To make applesauce, I used Cortland apples that Keith and I picked ourselves last weekend from a local orchard.
I can't remember if this is a picture of a Cortland apple, or a Jonathan apple, which I used to make an apple tart/pie. If you'd like, check out my yesterday's post about apple picking and tart baking.
Since I had never made applesauce before, I looked up a few recipes on the internet and realized that making applesauce is less science (like baking) and more art (like cooking). So my own improvised version went something like this:
* * * * *Cinnamon Spiced Applesauce
5 lbs of apples - peeled, quartered and cored
1 1/4 cups water (or 1/4 cup water per pound of apples)
5 Tablespoons brown sugar (or 1T per pound of apples)
*1 1/4 Tablespoons ground cinnamon
1/8 teaspoon ground nutmeg (I used a few generous shakes)
*In retrospect, about 1-2 teaspoon cinnamon would probably suit most people's tastes.
Add all ingredients into a large pot. Bring to boil over high heat, then reduce heat to medium, cover and cook for about 20-25 minutes, or until apples are very soft. Remove the pot from heat and mash apples with a potato masher.
* * * * *Aside from the slightly tedious chore of peeling and coring apples, which I did by hand with a small knife, making applesauce was surprisingly simple and intuitive. I only used 1 tablespoon of brown sugar per pound of apples because I wanted very lightly sweetened applesauce. Sugar can be left out altogether or increased up to four times this amount (probably grocery store level of sweetness at that point) depending on your taste.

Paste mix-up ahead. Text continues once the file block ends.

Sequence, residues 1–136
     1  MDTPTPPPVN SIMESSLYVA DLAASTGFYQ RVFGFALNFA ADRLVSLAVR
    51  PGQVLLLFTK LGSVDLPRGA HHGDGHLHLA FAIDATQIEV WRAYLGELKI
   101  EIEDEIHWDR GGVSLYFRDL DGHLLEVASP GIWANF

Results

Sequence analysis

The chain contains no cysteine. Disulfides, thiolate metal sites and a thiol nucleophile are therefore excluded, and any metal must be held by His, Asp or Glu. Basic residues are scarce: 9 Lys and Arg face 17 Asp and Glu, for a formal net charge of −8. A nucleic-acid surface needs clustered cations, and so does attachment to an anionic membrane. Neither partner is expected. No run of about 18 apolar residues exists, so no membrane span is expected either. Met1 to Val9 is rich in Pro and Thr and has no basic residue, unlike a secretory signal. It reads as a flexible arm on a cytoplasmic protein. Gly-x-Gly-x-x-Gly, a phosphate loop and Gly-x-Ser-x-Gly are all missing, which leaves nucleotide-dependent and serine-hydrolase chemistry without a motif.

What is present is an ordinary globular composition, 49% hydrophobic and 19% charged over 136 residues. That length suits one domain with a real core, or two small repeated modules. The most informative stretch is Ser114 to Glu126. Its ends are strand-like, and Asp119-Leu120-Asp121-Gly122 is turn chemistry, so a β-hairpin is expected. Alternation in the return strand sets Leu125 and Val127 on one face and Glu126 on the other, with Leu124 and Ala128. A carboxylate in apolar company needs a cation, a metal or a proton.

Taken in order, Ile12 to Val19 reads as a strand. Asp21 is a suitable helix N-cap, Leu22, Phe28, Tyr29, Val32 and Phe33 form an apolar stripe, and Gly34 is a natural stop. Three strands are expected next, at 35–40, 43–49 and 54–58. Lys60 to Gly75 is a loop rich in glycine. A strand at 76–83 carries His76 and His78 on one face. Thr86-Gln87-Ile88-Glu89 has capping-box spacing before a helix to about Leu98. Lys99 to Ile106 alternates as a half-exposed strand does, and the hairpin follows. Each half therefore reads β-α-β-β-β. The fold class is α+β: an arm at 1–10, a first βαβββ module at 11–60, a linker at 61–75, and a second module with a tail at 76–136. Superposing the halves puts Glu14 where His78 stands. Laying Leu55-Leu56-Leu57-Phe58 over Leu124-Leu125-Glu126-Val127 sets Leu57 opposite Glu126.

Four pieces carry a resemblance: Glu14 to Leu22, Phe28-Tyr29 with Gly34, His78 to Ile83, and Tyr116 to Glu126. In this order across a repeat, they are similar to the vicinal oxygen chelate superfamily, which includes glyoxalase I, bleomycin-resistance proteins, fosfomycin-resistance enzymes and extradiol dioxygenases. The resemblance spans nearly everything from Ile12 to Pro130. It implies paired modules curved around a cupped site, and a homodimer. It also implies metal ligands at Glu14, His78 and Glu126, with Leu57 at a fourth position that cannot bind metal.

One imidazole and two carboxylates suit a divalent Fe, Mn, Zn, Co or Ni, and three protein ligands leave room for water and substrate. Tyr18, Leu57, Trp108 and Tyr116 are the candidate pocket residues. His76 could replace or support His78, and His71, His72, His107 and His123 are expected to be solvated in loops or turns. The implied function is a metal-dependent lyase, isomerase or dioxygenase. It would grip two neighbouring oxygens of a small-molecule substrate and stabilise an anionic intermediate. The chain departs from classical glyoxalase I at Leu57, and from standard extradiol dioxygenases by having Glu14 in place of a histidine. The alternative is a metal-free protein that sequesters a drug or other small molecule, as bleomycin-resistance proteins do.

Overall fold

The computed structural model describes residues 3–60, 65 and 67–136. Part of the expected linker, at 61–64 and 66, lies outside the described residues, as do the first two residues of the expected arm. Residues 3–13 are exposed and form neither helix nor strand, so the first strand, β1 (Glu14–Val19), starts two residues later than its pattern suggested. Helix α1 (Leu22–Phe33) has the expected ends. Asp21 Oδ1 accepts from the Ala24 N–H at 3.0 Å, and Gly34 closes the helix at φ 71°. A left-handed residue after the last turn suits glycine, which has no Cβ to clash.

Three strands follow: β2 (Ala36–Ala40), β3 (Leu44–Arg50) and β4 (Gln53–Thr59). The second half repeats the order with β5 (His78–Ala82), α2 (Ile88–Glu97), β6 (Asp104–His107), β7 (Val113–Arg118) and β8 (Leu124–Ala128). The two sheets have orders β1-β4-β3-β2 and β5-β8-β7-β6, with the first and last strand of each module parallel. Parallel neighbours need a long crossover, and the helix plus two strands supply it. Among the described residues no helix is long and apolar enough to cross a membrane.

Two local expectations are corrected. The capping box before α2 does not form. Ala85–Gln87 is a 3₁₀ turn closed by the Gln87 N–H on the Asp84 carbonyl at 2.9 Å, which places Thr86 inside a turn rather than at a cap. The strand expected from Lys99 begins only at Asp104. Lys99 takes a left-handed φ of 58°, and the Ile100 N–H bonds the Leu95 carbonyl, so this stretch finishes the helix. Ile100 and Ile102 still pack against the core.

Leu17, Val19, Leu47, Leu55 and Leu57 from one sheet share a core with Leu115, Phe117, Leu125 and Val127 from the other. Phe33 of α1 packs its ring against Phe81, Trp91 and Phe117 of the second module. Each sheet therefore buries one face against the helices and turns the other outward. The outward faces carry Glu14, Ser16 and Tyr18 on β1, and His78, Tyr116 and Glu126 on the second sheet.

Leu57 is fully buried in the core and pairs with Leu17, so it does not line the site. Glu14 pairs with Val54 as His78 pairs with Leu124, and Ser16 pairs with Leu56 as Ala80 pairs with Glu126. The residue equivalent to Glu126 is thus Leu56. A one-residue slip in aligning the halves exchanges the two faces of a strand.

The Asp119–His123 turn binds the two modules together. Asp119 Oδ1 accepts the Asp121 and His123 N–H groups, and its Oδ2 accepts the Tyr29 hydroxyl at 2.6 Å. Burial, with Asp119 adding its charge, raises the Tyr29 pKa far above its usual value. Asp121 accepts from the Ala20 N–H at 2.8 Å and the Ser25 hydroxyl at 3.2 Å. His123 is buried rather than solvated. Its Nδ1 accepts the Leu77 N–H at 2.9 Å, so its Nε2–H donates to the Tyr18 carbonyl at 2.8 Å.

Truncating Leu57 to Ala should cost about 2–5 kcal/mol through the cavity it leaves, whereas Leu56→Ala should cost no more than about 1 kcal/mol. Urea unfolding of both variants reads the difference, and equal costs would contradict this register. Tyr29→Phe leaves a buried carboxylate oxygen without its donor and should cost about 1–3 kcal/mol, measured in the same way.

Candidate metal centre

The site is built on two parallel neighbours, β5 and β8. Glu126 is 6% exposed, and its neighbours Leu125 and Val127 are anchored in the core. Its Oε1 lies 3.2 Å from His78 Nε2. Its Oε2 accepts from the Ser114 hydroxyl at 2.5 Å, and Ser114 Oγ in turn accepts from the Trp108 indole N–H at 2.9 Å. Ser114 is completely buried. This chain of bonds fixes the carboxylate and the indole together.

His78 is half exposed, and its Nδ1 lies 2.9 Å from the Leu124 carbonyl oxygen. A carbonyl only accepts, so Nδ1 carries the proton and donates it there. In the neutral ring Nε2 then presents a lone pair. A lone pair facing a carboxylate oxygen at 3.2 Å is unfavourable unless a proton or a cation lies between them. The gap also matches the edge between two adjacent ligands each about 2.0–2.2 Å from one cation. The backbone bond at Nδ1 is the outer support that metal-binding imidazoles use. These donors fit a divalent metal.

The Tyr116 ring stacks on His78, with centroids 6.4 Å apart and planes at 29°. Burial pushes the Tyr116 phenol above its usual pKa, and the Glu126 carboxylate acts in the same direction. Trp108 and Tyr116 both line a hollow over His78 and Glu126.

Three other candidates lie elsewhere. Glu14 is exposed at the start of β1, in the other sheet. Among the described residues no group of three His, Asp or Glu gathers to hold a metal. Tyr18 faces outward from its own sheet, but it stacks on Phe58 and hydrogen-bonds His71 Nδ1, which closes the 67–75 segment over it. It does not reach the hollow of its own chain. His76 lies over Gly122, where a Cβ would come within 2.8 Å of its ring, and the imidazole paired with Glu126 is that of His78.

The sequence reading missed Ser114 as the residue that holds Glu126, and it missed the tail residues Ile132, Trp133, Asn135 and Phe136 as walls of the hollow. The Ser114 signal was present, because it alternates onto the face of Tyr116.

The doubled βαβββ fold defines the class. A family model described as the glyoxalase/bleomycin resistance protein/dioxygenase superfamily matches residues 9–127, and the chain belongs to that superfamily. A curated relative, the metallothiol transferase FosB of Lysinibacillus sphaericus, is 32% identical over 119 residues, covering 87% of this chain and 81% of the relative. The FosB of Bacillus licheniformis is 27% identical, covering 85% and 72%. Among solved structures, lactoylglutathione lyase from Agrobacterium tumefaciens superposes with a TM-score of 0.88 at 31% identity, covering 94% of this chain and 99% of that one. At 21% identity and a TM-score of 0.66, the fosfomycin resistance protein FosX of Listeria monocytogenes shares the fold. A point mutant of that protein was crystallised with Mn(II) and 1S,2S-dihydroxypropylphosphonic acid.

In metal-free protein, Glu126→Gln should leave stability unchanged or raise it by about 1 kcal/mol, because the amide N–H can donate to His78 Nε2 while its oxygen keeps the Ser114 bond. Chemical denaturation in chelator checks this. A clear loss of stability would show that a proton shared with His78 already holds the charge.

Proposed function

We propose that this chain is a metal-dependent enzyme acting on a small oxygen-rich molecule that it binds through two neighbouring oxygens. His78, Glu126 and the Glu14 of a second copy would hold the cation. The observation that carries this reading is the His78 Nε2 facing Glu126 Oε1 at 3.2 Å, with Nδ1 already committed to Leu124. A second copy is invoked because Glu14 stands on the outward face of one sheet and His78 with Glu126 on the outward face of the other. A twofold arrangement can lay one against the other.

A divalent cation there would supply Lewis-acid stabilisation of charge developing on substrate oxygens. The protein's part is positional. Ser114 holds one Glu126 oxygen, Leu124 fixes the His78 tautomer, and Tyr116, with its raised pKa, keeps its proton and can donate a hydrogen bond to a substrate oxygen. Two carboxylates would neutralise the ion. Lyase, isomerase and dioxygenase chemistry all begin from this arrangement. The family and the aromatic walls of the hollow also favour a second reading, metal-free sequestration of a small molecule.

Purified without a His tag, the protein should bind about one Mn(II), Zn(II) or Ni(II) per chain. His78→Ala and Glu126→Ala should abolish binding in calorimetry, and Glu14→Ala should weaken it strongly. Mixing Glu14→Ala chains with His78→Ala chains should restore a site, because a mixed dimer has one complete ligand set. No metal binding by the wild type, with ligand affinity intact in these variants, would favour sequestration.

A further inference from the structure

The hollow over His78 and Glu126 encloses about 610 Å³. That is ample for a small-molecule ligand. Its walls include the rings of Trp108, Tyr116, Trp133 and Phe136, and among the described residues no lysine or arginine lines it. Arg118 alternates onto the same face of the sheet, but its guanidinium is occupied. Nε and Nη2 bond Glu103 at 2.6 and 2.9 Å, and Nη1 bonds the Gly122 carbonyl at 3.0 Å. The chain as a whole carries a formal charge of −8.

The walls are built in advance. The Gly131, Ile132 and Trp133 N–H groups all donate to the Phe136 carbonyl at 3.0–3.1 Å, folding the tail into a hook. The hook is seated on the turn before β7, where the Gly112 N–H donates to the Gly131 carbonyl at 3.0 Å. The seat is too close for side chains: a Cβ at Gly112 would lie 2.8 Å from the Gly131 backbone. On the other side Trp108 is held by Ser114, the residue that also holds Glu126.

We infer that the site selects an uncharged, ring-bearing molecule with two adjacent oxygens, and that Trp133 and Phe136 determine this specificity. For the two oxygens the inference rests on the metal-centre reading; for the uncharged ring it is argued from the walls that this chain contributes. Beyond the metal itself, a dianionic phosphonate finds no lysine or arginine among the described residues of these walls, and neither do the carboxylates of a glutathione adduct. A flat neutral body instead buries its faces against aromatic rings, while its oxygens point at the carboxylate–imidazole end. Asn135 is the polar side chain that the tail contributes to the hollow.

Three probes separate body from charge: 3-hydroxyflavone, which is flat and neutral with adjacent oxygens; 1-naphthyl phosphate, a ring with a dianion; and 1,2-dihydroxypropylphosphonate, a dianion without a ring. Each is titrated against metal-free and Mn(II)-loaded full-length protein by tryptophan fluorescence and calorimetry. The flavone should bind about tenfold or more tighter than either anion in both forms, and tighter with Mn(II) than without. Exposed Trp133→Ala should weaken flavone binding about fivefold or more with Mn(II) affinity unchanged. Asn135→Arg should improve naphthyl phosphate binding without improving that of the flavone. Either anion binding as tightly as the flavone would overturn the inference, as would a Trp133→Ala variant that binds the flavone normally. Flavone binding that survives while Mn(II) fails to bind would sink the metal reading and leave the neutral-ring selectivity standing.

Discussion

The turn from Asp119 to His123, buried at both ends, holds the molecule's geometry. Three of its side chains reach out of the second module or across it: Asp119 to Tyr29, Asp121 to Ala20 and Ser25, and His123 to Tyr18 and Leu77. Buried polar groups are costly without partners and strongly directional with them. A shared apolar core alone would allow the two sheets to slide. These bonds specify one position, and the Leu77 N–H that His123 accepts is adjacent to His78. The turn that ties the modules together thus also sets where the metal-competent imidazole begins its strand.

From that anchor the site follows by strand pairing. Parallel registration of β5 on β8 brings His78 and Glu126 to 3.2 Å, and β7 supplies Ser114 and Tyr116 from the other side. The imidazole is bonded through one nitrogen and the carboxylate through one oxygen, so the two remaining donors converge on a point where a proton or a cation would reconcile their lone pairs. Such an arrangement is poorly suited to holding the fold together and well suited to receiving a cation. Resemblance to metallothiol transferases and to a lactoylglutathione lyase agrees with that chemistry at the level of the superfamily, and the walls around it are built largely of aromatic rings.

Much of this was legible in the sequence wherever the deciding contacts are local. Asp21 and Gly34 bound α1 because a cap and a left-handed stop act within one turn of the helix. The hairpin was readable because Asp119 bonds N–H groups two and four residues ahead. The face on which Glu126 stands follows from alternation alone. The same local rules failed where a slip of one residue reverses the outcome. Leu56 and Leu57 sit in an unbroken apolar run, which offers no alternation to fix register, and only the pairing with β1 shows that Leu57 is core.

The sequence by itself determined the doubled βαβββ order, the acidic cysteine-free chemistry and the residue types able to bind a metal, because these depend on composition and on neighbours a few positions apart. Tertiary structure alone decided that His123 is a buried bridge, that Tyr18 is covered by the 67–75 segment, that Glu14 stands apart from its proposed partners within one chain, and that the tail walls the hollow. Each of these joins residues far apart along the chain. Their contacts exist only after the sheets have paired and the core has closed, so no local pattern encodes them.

The resulting applesauce had a slightly orange/brown tint to it, even more so in this picture due to poor light quality in the kitchen at the time. I think it's from the brown sugar and/or the amount of cinnamon, because peeled apples are supposed to give you light golden/yellow applesauce. Next time, I will probably reduce the amount of cinnamon by half and use only about 1-2 teaspoons. The reason we used so much this time was because Keith was in charge of adding the spices and he LOVES cinnamon. He thought this batch of applesauce tasted great, but I would prefer somewhat less cinnamon. I might also try sprinkling in a little bit of ground cloves and allspice to add another depth to the spice flavor.
This applesauce was served warm right after I made it and also cold the next day for after-dinner dessert. Both times, it was delicious.